Do Substitute Players Matter?
You’re reading one of the many lessons taught through (codename) Project Aries, an amateur esports organization founded by Joe Chee — a US wellness and gaming ambassador specializing in youth development. These lessons are taught in between competition and practice and are required learning for all team members. Any non-team members are able to read these lessons too! If you gain any value from this, feel free to incorporate these lessons, and please be sure to show some support for Project Aries or Joe Chee (twitter: @joejoechee)
Nearly all competitive sports teams field both starting rosters and substitute players. Both starters and subs are needed in order for traditional sports teams to succeed.
But it’s been less than 24 hours since our esports rosters have been announced, and already Project Aries has come across the most common concerns among all competitive players:
“Why did they put ME as the sub? Will I get PT (play time)? What’s the point of “staying on the team” if I don’t get to compete?”
If you’ve ever been on a competitive team and asked these questions, don’t feel bad. It’s only natural to want to be on the starting roster. You should feel no shame in asking yourself these questions, and hopefully I can answer them as we begin our lesson. It’s within my teachings as a coach and mentor to help you face certain truths that you may not want to hear so that we can grow together.
To begin, let’s address the question: “Why did they put ME as a substitute player?” I remind my players often to remain objective and to try their best not to take roster decisions as personal attacks. I remind YOU to do the same while reading these two truths together:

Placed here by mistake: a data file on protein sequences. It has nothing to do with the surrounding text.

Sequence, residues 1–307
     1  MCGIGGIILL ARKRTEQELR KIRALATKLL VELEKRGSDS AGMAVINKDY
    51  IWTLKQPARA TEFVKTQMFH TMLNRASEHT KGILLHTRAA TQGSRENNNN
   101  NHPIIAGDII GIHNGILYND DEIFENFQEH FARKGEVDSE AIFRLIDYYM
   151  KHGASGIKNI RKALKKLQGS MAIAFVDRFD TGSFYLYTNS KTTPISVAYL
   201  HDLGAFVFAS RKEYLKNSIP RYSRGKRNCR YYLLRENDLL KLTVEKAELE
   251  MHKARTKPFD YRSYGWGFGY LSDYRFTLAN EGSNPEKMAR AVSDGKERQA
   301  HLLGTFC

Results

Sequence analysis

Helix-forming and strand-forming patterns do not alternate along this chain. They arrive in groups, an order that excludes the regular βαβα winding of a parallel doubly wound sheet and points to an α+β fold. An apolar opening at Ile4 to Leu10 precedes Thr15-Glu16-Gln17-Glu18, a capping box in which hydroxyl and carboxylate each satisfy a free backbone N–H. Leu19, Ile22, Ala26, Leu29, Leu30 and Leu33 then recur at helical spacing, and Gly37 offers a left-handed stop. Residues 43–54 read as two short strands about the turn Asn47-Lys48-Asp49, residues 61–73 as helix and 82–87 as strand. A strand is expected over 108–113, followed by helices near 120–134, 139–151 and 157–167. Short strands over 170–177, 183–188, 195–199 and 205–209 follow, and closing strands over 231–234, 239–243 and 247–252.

TRUTH: If you are regularly a substitute on your team, your current skills as a player are not as developed compared to the starting roster.
Now promise me to read this second truth with equal intensity:
TRUTH: Your substitute status does not make you any lesser of a person. You are still valued, and in addition, you have the potential to develop your skills as a player on this team.
As a substitute player, you are far from alone in your emotions. Every competitive team player, including Michael Jordan in his high school basketball days [source], needed to objectively understand this before becoming a great player. Self awareness is a strength in which we can harness to create helpful goals for ourselves to improve. Embrace this early and often, as the most effective coaches and teammates will be there to support you.
Will I get to Play / Compete?
In my time as a high school esports coach, play time, or “PT” as it’s known in traditional sports, was the most important thing on the minds of my substitute or benched players. I understood how much it meant for any player to get a chance to compete in the real setting of competition. Though I can’t speak for every coaches’ methods, here was my answer for when a substitute asked if they’d ever get their chance:
“If a coach sees genuine effort from a substitute to continue their commitment to the team and further develop their skills, that player should get at least one chance to compete on stage.”